STUDY OF THE FACTORS WHICH AFFECT THE ADEQUACY OF HIGH-STRENGTH LOW-ALLOY STEEL WELDMENTS FOR CARGO SHIP HULLS.
SOUTHWEST RESEARCH INST SAN ANTONIO TEX
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A recent advent in ship construction is the use of high-strength low-alloy steels with 100,000-psi yield strengths for ship hull structural elements, making unique design concepts possible. This application is a significant step, but the materials behavior needs to be further defined. For the benefit of the owners, designers, and fabricators, a project was initiated by the Ship Structure Committee to establish which mechanical properties should be used as criteria for judging performance, to evaluate large-scale weldments to determine the suitability of these criteria, and to select small-scale laboratory tests that correlate with the large-scale tests. A survey of shipyards and ship repairers revealed that these newer materials are being used only in critical strength elements of ship hulls. Welding procedures are qualified by explosion bulge tests to define safe operating temperature limits. Author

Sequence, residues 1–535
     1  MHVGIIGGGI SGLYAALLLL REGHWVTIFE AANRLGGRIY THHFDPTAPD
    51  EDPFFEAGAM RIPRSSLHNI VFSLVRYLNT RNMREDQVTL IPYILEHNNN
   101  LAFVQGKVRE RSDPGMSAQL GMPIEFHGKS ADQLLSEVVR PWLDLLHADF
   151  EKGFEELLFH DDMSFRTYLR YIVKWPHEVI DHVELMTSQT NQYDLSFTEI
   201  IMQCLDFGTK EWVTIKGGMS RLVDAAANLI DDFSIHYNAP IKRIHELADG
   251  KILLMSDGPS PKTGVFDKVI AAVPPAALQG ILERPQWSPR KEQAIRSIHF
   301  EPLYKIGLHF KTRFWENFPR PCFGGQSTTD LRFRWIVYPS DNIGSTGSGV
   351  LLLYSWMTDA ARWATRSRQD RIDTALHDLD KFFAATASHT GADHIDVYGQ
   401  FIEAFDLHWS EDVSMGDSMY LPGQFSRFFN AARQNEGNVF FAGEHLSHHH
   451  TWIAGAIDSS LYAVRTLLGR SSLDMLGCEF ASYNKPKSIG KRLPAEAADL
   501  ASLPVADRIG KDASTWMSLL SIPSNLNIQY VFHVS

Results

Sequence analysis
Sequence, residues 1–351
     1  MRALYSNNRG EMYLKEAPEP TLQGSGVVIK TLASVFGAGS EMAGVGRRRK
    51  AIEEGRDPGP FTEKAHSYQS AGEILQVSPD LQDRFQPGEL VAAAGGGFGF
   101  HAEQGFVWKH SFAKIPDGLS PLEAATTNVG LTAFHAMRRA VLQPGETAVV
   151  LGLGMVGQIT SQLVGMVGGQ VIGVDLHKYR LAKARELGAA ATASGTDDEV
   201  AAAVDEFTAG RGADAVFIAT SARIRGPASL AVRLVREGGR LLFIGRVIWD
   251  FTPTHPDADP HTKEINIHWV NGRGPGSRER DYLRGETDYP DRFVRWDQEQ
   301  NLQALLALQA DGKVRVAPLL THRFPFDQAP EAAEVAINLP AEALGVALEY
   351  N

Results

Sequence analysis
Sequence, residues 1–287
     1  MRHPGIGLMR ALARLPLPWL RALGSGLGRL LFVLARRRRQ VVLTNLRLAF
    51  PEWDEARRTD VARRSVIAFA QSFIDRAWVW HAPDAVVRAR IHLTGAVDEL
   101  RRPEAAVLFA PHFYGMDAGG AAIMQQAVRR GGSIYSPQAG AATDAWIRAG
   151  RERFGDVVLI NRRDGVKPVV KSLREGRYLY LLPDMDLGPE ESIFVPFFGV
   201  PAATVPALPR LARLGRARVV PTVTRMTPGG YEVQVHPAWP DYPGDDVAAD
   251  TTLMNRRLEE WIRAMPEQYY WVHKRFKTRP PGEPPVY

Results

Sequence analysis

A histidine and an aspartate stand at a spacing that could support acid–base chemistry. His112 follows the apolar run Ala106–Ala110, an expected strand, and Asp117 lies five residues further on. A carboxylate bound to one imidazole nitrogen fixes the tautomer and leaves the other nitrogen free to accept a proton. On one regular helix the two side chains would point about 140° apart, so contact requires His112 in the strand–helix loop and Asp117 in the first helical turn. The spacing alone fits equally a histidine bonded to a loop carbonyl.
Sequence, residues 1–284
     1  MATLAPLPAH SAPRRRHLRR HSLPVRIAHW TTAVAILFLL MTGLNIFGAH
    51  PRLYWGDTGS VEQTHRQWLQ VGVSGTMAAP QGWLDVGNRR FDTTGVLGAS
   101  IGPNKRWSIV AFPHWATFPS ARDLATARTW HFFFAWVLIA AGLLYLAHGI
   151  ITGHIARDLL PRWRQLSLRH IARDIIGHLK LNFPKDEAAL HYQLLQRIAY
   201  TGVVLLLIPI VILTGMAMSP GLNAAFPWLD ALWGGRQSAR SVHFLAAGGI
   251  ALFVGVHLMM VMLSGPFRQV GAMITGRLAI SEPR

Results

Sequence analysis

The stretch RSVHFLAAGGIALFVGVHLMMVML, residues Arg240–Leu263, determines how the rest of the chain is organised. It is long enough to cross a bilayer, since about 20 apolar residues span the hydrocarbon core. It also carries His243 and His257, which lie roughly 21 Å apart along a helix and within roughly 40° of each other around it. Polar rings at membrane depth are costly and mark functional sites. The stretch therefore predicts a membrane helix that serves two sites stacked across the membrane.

- Fabrication Metallurgy
- Marine Engineering